OER Africa Advisory Committee


The OER Africa Advisory Planning Meeting

OER Africa is an initative of SAIDE which aims to play a leading role in driving the development and use of Open Educational Resources (OER) on the African continent. The OER Africa Advisory Committee meeting was held in Nairobi, Kenya in May 2009. These meetings provide strategic guidance and support to the OER Africa management team that is driving the OER Africa project. Apart from reviewing progress made so far during the planning phase of OER Africa, the meeting discussed how best the project can move forward in the next phase of the initiative, the implementation phase. Ephraim Mhlanga, the meeting rapporteur provides an abridged version of his final report.

Project achievements
The deliberations of the Nairobi meeting centred on the achievements of the OER Africa initiative to date and how it should proceed as it moves into the implementation phase. In addition to the comprehensive documentation that was provided by the OER Africa management team, eloquent presentations were also made by Catherine Ngugi and Neil Butcher on how the project had fared so far, and the challenges that had been encountered. In the planning phase of the project, extensive work had reportedly been done in the following six areas of the project:

  • Planning the project and setting up appropriate systems and structures.
  • Conducting research to facilitate thorough understanding of the needs, problems, challenges and opportunities of African universities.
  • Conducting research to understand OER within the African context, and their potential for addressing some of the problems faced by universities on the continent.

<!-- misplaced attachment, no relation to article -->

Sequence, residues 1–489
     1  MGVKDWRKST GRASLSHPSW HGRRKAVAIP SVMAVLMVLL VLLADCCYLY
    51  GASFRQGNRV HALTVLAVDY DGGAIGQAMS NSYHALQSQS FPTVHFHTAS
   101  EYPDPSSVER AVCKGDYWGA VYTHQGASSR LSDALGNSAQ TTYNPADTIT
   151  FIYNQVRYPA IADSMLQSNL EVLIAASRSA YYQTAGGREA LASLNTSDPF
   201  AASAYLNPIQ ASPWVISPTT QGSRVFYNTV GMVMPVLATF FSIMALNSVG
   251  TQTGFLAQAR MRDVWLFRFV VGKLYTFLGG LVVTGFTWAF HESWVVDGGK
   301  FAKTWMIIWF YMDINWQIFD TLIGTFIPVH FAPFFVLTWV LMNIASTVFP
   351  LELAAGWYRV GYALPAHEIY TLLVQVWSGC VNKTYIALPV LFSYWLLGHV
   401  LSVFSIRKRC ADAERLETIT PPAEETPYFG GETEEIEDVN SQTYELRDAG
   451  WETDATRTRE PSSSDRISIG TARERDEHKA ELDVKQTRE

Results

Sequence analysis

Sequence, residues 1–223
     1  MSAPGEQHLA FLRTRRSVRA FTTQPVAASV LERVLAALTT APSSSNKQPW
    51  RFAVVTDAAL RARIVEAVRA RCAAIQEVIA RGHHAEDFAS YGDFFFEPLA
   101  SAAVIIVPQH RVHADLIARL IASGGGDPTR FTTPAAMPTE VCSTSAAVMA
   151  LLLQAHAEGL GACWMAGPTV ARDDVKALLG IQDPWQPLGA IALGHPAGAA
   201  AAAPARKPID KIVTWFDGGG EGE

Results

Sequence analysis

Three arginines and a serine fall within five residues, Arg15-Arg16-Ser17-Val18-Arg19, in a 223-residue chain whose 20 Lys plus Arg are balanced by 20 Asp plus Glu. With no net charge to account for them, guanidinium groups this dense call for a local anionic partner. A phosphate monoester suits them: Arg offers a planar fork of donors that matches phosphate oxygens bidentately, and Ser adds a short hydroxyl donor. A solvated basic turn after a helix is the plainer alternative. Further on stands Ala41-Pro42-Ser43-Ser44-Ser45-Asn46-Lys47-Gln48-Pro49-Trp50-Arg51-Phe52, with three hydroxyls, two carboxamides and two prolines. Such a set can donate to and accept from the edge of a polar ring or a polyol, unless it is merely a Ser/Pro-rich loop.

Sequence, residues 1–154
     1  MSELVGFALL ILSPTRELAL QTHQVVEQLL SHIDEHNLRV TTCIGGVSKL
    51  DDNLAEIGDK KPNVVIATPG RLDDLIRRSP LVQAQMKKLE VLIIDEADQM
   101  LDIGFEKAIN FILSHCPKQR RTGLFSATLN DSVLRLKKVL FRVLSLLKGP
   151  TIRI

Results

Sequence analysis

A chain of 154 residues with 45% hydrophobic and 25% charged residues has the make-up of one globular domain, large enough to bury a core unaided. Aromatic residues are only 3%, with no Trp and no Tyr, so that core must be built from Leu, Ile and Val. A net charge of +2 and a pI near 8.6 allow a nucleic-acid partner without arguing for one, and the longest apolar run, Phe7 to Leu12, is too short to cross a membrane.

• Forging strategic partnerships with different organisations.
  • Building communities of practice.
  • Developing an OER Africa website.

These areas formed the basis for the discussions on the first day of the meeting. The meeting commended the OER Africa team for the progress made in all the six areas itemised above.

  • In particular the members were happy to note that the research dimension of the project had meaningfully informed the planning processes of the project.
  • The challenges facing the African university were clearly articulated in the documentation provided.
  • Strides had been made in forging relationships with umbrella bodies like African Council for Distance Education (ACDE) and individual institutions such as the Open University of Tanzania, National Open University of Nigeria and University of Michigan.
  • The OER Africa website had been set up and already, it hosted four communities of practice - Skills for a Changing World, ACE Maths, Health OER, and the Food Security Facilitator’s Programme.

Meeting discussions on the second day focused primarily on how the project should proceed, and members gave suggestions and recommendations on the subject. To view a summary of the recommendations click here.

There are inevitable challenges that OER Africa stands to face as it moves towards the implementation phase. One of these challenges is to demonstrate the cost-effectiveness of OER in order to maximize institutional buy-in. One way of doing this is by developing models of sustainability in so far as the collaborative creation and use of OER is concerned. It will be important to convince institutions that OER Africa can enable institutions to alleviate some of the pressing problems they face in achieving their academic mission, and might in fact not achieve the same objectives without resorting to OER.

An important aspect of the project to consider is its long-term sustainability. OER Africa needs to have several income streams. As was suggested at the first Advisory Committee meeting, amongst other options, a paid consultancy model may have to be considered.

OER Africa has so far provided important lessons to those who have been actively involved in its planning, from an administrative as well as from an implementation point of view. It has also provided an opportunity to appreciate some of the possible hurdles that have to be overcome if institutions are to fully embrace OER. Working at a distance from each other, OER Africa project staff have nonetheless managed to nurture and build real partnerships, conduct and discuss tangible research outputs, build and populate a website and form themselves into a cohesive team. Certainly this is a good start for the project and the challenge is to build on this foundation and demonstrate that the merits of creating, adapting, and using OER in collaborative ways are obvious.

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SAIDE 2009